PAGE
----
The Federal Reserve may lower its benchmark interest rate to 1 percent today and signal further reductions to levels unseen since Dwight Eisenhower was president.
Tumbling commodities prices and weaker consumer spending are slowing inflation, which officials described as a “significant concern” at their last scheduled meeting in September. Tomorrow, the Commerce Department will probably report that the economy shrank at a 0.5 percent annual rate in the third quarter, the most since the 2001 recession, economists predict.
The Fed “will be very aggressive,” said Mark Gertler, a New York University economist and research co-author with Fed Chairman Ben S. Bernanke. “Inflation risks are off the table” and “the issue now is how bad the recession will be.”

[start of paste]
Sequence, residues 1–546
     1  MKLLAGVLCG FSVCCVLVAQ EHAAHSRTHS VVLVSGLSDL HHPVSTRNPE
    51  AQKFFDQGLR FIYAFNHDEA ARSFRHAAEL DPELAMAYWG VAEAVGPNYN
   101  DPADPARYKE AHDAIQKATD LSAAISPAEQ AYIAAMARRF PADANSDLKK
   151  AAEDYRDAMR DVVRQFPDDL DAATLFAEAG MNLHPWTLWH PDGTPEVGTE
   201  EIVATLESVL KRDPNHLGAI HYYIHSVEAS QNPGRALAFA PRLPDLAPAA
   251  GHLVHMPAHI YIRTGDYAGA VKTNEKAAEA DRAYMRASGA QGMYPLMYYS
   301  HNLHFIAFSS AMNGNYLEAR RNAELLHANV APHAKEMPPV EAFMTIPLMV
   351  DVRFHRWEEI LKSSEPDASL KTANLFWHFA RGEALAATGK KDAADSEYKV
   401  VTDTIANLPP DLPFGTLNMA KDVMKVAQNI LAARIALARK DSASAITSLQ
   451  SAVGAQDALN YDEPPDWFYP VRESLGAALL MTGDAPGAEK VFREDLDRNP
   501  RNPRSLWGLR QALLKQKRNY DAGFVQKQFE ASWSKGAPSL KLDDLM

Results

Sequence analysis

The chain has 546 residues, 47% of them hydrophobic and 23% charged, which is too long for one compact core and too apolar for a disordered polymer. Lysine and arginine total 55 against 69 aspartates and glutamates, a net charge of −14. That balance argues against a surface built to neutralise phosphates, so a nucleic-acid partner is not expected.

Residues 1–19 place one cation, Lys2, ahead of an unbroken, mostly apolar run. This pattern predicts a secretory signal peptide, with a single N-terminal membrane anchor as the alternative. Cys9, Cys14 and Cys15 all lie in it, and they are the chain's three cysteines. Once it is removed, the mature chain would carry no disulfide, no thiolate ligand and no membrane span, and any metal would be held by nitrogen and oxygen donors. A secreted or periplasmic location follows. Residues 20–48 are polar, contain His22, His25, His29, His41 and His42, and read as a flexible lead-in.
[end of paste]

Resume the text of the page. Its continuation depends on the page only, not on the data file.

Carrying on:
He predicted the benchmark rate will be cut by half a point today, matching the median forecast of economists surveyed by Bloomberg News. Bernanke and his team could push borrowing costs to zero by June if the credit crunch intensifies, Gertler said.
The Fed has already cut the benchmark rate from 5.25 percent in the past 13 months and created six lending programs channeling more than $1 trillion into the financial system. Banks are still reluctant to lend to each other and the Standard & Poor’s 500 Index is down almost 36 percent this year, even after yesterday’s surge.
The FOMC is scheduled to announce its decision on rates at about 2:15 p.m. in Washington.